I. Corporate liability deriving from criminal activity
1. Nature of the liability (criminal, administrative) and basis (crimes committed by directors or representatives, in the interest of or for the benefit of the company).
While Taiwan’s Criminal Code is silent on corporate criminal liability, other laws and regulations impose criminal liability on companies under certain circumstances based on the reasoning of “Dual Punishment” for criminal conviction of its employees, agents and representatives.
Moreover, in a precedent in 2007, particularly the Criminal Judgment of the Taiwan Supreme Court, TAI SHANG ZI Case No. 5520, the Taiwan Supreme Court held that despite the lack of criminal capacity, a company shall be criminally liable when a specific provision expressly regulates that corporations shall be punished. This means that dual punishment is warranted for both the company and its representatives.
Under specific regulations in Taiwan laws, when a representative, employee or agent of a company commits a crime, both the company and the representative shall be criminally convicted. For instance, when a company representative violates a particular employment regulation pursuant to Article 62 of the Employment Service Act, both the company and its representative shall be both criminally liable.
To sum up, corporate criminal liability is derived from specific regulations expressly imposing sanctions on the company under Taiwan laws. (Please see the specific regulations below in paragraph II.)
2. Type of crimes/administrative offenses from which, according to the legislation, corporate liability may arise
Corporate criminal liability arises if the following crimes are committed:
- Money laundering-related crimes: (1) Money laundering activity (Article 14 of the Money Laundering Control Act); (2) Collecting or providing property or interests through unjust methods (Article 15 of the Money Laundering Control Act); (3) Confiscation of assets or property interests (Article 18 of the Money Laundering Control Act)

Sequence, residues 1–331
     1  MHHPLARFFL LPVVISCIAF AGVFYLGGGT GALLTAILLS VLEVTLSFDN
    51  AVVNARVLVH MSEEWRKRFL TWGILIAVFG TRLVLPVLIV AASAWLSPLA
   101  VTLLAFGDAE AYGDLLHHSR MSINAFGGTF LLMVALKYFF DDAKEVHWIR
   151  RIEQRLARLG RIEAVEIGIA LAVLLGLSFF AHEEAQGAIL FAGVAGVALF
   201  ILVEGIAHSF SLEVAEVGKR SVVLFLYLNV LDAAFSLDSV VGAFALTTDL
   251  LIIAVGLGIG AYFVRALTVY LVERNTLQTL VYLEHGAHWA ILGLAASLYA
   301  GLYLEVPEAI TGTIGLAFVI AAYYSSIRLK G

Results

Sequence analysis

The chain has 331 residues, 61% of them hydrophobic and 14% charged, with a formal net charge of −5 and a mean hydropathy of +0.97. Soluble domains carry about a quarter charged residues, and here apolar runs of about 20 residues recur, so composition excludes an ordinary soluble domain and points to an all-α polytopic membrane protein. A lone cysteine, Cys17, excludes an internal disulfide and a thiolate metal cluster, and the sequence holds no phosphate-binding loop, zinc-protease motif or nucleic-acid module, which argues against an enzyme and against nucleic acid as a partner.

Article 16 of the Money Laundering Control Act states that, in this kind of crimes, the legal person that the offender represents or works for shall also be fined.
- Tax evasion-related crimes: (1) Tax evasion (Article 41 of the Tax Collection Act); (2) concealment, under-reporting or under-collection of tax (Article 42 of the Tax Collection Act); (3) instigating or assisting an offender to commit this offense (Article 43 of the Tax Collection Act)
Article 47 of the Tax Collection Act states that the responsible person of a company is subject to penalties in place of the company in crimes related to tax evasion.
- Concerted action-related crimes: Actions where enterprises jointly determine the price, technology, products, facilities, trading counterparts or trading territory with regard to goods, services or any other behavior that restricts each other’s business activities, resulting in an impact on the market (Article 14, 40 of the Fair Trade Act)
- Financial statement fraud-related crimes: False statements on any account books, forms, vouchers, financial reports or other business documents (Subparagraph 4, 5 of Paragraph 1 of Article 174 of the Securities and Exchange Act)